I have been told more times than I care to remember that process inhibits creativity and we should just ‘let things flow’ so that creative ideas are not short-lived – or even stillborn.
Well-planned processes take into account all the ripple effects. Making a change in a business is like throwing a rock into a series of interlinked ponds. You might be able to see where the ripples end in the first pond, but what about the splash that agitates the next pond and creates ripples there?
The phrase that comes to mind is –
The law of unintended consequences
Well-structured processes and procedures are designed to take to take care of all these side effects so that the organisation remains able to function efficiently.
Organisations with poor or non-existent processes end up re-inventing the wheel. They waste time and effort working out how to do things scratch when they have been done before.
But there may be an element of truth in the assertion that process inhibits creativity. I have come across systems and procedures which are so rigid and inflexible that nothing ever gets changed. It’s just too much like hard work to introduce a new idea!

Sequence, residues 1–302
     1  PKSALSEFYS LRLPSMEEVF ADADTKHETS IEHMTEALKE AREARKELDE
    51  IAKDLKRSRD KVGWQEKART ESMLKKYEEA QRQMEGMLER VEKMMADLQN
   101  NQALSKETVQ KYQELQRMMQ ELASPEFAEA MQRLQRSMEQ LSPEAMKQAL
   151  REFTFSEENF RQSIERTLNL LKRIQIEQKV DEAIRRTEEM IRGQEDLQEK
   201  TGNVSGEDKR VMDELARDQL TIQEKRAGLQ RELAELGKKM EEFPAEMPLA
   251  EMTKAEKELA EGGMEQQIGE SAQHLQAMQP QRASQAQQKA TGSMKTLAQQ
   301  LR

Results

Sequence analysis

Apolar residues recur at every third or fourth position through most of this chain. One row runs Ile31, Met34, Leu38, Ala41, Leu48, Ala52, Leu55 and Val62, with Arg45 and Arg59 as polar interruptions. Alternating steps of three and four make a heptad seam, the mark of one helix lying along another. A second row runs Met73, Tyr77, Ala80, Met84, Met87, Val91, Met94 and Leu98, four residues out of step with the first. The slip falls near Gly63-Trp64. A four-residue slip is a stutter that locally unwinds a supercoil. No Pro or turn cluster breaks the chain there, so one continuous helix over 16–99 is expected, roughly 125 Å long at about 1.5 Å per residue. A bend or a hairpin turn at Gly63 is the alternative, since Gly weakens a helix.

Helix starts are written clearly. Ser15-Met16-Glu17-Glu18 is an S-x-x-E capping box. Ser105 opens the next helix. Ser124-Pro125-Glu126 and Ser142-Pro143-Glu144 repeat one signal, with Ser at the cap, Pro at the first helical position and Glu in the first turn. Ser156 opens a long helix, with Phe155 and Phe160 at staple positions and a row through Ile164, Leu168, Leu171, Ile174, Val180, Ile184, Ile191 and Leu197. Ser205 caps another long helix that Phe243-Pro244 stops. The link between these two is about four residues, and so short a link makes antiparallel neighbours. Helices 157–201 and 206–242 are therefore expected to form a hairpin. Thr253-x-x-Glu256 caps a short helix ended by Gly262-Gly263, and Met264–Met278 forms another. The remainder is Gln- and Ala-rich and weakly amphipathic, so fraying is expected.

For me, that’s a good reason to change the process. It’s not a good reason to bypass the process or take shortcuts, which is what my creative colleagues often seem to want to do!
Getting a new idea up and running in an organisation will always mean there are going to be hurdles or barriers to be overcome. For example, it might be that you are required to have a fully costed budget, or perhaps you need to be championed by someone higher up in the organisation.
Creativity is stifled when those hurdles are set too high, too soon. If too many approvals are required early on, it’s much easier to say ‘no’ and kill the project.
Why not take a leaf out of Metro Bank’s book? They have a rule that it takes two managers to say ‘no’ to a customer, but only one to say ‘yes’.
That’s a process, by the way, and I don’t see it inhibiting creativity!